As I have mentioned before, sometimes the best trips do not involve hours upon hours of driving, but can be found close to home. And sometimes, attractions are so close to home that you always tell yourself that you will get to it “sometime.” Unfortunately, saying you will visit that interesting location “sometime” is a convenient way of procrastinating. This weekend, after driving past an awesome location more times than I can count, I decided to finally pull off the highway and pay a visit to a very cool spot in Philadelphia along the Delaware River: Penn’s Landing, where I stepped aboard the cruiser USS Olympia and the submarine USS Becuna.
First, however, I spent the morning giving DH a thorough wash and wax. For much of the past month, I have been busy during the weekends, and the Accord has accumulated more than its share of dirt. While the paint color hides most of the filth, up close the car looked grimy. Several hours of washing, waxing, and polishing, and DH once again looked in tip-top shape.
Built in the 1960’s, Penn’s Landing is a waterfront attraction in Philadelphia, Pennsylvania, along the Delaware River. The area that was chosen was reputedly the site where William Penn, founder of both the city of Philadelphia and the Pennsylvania colony, landed upon arrival from England. The site later became the city’s primary port during the 18th and 19th centuries, where ferries, passenger ships, and cargo vessels would routinely stop to load and unload passengers, produce, and textiles. The major docks in Philadelphia are now more to the south, and Penn’s Landing functions as a tourist attraction. In addition to the Independence Seaport Museum and several museum ships, there are also many restaurants, harbor cruises, food stands, and beautiful parks. Penn’s Landing is a great place to visit on a beautiful Autumn day!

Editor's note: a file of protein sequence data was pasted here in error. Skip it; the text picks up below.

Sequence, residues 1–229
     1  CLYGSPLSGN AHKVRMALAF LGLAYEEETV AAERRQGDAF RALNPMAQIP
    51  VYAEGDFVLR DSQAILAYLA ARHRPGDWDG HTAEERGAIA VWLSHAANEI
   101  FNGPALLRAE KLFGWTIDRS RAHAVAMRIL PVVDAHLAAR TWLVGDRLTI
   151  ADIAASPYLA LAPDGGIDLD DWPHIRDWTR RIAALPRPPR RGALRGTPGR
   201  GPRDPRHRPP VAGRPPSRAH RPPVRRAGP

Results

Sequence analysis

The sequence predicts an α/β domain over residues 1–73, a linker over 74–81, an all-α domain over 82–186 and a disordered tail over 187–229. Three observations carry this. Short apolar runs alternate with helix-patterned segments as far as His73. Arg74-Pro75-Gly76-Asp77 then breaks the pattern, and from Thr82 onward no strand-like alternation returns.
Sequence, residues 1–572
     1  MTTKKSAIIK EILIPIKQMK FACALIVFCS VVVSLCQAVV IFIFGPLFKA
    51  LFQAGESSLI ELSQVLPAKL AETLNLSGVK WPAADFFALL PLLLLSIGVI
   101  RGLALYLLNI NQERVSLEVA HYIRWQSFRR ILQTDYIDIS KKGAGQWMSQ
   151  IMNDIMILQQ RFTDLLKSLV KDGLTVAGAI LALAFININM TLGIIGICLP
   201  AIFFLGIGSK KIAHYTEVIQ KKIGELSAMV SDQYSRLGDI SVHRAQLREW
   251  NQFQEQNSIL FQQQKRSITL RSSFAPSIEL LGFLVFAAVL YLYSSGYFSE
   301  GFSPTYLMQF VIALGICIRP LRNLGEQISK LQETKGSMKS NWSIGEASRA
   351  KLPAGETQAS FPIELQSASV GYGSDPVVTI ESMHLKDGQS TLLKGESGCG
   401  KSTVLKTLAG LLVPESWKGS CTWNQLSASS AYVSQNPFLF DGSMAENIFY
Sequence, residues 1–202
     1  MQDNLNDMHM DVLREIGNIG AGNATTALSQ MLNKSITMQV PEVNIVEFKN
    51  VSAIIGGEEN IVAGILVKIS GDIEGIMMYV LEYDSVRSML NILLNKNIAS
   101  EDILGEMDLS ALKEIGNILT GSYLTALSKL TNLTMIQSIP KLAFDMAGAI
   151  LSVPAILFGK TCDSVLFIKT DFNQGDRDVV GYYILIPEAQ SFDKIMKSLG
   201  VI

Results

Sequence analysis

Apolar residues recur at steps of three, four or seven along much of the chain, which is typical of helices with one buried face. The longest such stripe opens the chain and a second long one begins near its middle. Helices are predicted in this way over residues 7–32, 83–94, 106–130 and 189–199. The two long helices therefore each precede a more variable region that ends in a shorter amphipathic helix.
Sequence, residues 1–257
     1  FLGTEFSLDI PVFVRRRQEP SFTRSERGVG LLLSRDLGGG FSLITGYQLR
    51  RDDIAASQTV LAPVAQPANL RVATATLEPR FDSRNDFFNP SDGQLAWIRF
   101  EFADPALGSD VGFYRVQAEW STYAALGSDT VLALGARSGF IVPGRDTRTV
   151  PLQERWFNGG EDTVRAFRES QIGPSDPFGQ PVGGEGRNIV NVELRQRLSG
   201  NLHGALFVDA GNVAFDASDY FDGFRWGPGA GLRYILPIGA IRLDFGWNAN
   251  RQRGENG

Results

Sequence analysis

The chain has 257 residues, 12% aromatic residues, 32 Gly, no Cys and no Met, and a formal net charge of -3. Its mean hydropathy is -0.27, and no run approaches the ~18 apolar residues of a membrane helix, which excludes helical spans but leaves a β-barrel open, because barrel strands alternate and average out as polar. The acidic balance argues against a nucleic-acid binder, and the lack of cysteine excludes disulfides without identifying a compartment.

My reason for stopping by Penn’s Landing, however, was to finally step aboard the two major museum ships along the river: the Olympia and the Becuna. The USS Becuna (SS-319) is a WWII-era submarine which served in the Pacific Theater, sinking Japanese supply ships. It later continued service in the Pacific during the late 1940’s and early 1950’s, at the beginning of the Cold War. The crew of 10 officers and 72 enlisted men lived in very cramped quarters. Privacy is nonexistent on board a submarine, and the submarines would spend months at sea, with little in the way of creature comforts or personal space.
After leaving the Becuna, I headed across the gangway to the USS Olympia. Commissioned in 1895, the Olympia is a protected cruiser that served as the flagship of Admiral Dewey during the Battle of Manila Bay in the Spanish-American war. Equipped with guns ranging from firing 8″ shells to 37 mm bullets, as well as torpedoes, the Olympia was a heavily armed, and armored, war machine. She served through World War I, and was then retired. The only ship of her class, Olympia was outdated before her construction was even completed, as a new type of warship, the battleship, was emerging. Stepping on board the Olympia was like boarding a time machine to life over 100 years ago.
After having driven past the Olympia and Becuna countless times, I am very glad I finally took the opportunity to stop and visit these great ships. For $16, you gain admission to both ships, as well as the Independence Seaport Museum. If you are visiting the Philadelphia area, Penn’s Landing is a must-see destination. Thanks for coming along on yet another Voyage of DH!
‘Til next time.